Graduation Year


Document Type




Degree Name

Master of Arts (M.A.)

Degree Granting Department


Major Professor

Nancy Marie White, Ph.D.

Committee Member

Robert H. Tykot, Ph.D.

Committee Member

Diane Wallman, Ph.D.


portable X-ray fluorescence spectrometry, burial mounds, early Weeden Island, pXRF, Swift Creek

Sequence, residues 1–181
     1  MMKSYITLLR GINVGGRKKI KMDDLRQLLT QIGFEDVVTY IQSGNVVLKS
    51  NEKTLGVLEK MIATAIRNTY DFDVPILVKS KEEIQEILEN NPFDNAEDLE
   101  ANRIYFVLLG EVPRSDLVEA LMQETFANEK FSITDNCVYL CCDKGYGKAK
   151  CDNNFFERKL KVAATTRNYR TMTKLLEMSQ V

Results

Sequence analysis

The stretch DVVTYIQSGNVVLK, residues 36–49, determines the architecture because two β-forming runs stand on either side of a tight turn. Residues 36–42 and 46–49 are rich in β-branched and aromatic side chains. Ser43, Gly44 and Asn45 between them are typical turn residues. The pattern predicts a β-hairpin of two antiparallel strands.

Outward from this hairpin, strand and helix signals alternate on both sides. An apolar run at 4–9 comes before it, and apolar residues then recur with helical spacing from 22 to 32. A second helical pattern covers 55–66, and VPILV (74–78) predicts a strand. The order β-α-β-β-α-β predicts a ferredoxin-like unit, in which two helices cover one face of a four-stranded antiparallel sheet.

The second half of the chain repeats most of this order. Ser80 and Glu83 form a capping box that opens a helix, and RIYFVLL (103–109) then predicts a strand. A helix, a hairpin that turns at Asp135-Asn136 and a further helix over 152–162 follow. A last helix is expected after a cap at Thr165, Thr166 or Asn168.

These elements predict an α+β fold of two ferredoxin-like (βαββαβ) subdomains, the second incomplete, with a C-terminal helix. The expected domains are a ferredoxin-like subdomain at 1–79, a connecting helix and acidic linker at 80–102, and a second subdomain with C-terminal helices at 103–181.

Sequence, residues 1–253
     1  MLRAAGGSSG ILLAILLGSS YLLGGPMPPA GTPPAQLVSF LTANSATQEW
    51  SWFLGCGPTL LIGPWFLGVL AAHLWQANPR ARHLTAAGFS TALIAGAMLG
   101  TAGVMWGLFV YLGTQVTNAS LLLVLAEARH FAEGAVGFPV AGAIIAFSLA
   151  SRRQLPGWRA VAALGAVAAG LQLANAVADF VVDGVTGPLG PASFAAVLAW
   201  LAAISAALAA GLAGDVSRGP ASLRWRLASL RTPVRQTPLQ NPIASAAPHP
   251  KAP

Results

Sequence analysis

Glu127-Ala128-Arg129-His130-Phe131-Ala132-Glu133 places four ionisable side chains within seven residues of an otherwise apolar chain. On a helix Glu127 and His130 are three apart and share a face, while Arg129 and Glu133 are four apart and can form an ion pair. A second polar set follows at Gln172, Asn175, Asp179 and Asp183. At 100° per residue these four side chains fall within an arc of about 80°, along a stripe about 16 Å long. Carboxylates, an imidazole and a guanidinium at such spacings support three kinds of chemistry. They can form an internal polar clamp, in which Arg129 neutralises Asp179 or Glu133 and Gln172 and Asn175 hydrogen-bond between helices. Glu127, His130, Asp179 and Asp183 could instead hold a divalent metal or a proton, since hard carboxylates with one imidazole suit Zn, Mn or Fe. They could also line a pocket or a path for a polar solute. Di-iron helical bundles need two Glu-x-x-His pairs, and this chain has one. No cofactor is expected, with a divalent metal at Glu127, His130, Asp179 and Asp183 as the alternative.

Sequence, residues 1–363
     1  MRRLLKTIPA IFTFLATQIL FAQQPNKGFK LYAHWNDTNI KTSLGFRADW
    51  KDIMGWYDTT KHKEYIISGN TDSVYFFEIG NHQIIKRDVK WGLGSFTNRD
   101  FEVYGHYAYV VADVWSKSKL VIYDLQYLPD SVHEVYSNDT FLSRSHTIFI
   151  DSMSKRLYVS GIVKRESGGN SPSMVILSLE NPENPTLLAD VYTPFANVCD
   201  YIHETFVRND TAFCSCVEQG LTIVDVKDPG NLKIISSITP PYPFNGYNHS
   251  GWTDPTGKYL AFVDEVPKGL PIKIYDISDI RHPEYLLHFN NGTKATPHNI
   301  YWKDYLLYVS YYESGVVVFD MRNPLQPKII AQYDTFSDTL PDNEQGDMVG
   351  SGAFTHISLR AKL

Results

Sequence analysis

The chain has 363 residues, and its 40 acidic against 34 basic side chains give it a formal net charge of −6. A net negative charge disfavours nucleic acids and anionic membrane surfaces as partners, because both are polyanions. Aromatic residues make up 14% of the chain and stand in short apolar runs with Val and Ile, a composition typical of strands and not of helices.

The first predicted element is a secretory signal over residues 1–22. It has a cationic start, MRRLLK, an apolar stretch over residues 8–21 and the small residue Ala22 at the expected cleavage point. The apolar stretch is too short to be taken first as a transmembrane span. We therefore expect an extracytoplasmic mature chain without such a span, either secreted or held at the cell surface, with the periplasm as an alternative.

A thorough literature review was completed in order to construct a database of all the known Middle Woodland-period (A.D. 300-700) mounds in the Apalachicola – lower Flint and lower Chattahoochee River drainages of northwest Florida, southwest Georgia, and southeast Alabama. The database presented in this document provides both quantitative and tabular data which may be used to evaluate, describe, and compare sites within this research region as they relate to one another as well as other sites in the Southeast. Through the lens of cultural materialism, descriptive statistics were used to summarize the accumulated data and ultimately refine our understanding of Middle Woodland burial mound ceremonialism in this particular part of the Southeast. The significance of these interpretations is twofold. First, the sub-regional specificity of this dataset will permit more fine-grained analyses of human behavioral variation within the Southeast. Second, as a sub-regionally specific description of human behavior this rendering of Middle Woodland mound ceremonialism is more locally relevant than broader, regionalized definitions that rely on data from only a handful of the most heavily excavated sites in the Southeast. The data evince a distinctly localized expression of a pan-regional tradition of ritual ceremonialism that has often been described as “Hopewellian” for its similarities to traditions first observed in the Midwest. However, the expression local to the study area features the deposition of Swift Creek and early Weeden Island series ceramics together in burial mounds. In conjunction with geochemical sourcing using portable X-ray fluorescence spectrometry of ceramics from Richardson’s Hammock (8Gu10), the data suggest Swift Creek and early Weeden Island ceramics do not reflect separate cultural entities in this particular part of the Southeast during the Middle Woodland period. Rather, the data suggest that both ceramic series were being produced locally and contemporaneously by the same people.